I think the phrase “healthy Keynesian policies” is oxymoronic. 🙂 The situation that produced the post-World-War-II boom was pretty unique in history, and even that took us only so far. Rooted in the notion that wise men of compassion and vision could “manage” an economy into perpetual prosperity, those “healthy Keynesian policies” brought what Keynesians thought was literally impossible: economic stagnation accompanied by high inflation. Something very much like that could happen again.

  11. Septuagenarian says:

    Canada also has regulators that regulate instead of doing the regulated’s bidding. It is not the laissez-faire, Ayn Rand paradise some would like to have you believe.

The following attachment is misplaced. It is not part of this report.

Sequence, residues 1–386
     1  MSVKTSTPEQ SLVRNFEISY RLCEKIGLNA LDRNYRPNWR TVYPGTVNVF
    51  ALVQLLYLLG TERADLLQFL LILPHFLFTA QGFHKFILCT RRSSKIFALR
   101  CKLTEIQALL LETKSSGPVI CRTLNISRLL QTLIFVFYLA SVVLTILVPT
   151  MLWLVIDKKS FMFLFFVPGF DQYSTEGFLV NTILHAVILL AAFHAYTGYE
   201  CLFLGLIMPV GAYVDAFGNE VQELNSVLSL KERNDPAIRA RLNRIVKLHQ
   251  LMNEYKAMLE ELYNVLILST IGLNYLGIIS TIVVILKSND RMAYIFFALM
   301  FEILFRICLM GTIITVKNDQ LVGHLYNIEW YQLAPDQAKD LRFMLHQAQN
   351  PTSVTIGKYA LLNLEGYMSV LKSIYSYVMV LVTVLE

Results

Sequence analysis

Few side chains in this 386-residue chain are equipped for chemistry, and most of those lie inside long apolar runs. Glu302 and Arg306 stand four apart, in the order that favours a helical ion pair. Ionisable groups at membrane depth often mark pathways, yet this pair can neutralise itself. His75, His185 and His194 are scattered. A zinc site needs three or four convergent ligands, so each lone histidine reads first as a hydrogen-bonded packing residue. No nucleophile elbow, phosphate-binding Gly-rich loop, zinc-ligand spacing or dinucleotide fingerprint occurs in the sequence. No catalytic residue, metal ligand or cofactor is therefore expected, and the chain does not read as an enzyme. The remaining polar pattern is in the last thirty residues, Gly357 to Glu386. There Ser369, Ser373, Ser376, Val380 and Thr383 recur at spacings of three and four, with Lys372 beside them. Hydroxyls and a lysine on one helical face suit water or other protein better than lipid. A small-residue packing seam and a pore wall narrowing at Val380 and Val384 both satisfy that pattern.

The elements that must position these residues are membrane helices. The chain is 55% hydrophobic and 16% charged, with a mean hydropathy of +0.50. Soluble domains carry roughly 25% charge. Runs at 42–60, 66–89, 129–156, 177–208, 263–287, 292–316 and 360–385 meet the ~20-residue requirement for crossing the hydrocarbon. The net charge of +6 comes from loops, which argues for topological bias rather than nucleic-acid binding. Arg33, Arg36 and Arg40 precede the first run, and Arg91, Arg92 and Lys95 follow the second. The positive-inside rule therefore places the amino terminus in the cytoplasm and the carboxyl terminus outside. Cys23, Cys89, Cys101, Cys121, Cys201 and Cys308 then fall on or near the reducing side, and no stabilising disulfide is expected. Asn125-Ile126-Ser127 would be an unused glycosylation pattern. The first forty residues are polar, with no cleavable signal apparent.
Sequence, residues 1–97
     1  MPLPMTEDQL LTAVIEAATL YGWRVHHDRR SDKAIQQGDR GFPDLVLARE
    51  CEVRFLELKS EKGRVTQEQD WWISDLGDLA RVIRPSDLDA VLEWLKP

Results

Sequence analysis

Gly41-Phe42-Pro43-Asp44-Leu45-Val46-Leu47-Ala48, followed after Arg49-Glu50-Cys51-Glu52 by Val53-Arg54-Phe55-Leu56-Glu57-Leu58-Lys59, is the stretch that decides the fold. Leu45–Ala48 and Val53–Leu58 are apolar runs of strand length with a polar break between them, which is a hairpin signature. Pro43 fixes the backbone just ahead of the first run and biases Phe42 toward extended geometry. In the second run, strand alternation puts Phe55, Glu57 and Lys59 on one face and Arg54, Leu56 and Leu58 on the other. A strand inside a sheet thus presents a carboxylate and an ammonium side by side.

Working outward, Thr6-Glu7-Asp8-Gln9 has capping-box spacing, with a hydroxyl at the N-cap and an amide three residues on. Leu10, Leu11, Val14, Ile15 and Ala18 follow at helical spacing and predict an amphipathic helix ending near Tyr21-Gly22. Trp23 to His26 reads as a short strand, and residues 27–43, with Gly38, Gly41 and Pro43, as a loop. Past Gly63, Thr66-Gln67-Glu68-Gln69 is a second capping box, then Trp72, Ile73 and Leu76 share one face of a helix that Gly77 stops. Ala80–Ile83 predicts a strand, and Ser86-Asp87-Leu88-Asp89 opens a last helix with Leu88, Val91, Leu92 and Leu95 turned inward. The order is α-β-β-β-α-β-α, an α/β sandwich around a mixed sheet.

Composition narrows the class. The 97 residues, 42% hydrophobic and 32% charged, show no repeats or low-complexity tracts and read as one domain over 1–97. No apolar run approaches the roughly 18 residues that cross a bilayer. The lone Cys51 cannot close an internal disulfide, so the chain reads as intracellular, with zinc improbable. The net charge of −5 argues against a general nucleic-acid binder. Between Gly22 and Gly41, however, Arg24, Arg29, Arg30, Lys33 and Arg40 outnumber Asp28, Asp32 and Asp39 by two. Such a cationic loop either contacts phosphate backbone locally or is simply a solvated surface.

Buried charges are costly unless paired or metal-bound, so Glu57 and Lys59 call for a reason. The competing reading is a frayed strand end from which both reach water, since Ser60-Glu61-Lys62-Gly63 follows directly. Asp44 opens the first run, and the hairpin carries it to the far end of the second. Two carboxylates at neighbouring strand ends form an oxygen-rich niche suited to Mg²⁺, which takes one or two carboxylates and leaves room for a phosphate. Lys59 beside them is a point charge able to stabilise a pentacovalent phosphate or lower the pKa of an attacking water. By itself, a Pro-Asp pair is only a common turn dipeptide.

Aslan told the children, “You are not to know what might have happened.”

    That said, I imagine that the Republican right would have screamed bloody murder had Ritholtz’s counter factual been implemented and for exactly the same reasons that they screamed bloody murder about what was actually done.

  12. Bart Hall (Kansas, USA) says:

    Actually, since 1870 silver has lost about 75% of its value compared to gold, whereas the US dollar has lost 95%. Since 1963 I’ve called them Federal Reserve Accounting Unit Dollars — FRAUDs.

    Money has three functions: to measure value, to transfer value, and to store value. FRAUDs are just fine for the first two of those three, and at the time-scale that matters for most people they’re decent at the third.

    Effective money is durable, which is why we don’t use strawberries. It is divisible, which is why we no longer use oxen (and the did in 8th C BC Greece). It is portable, which is why coal would be at least a little bit clumsy.

    Only if I stuffed FRAUDs into a mattress in 1974 would I be upset that they now purchase but a quarter of what they did back then.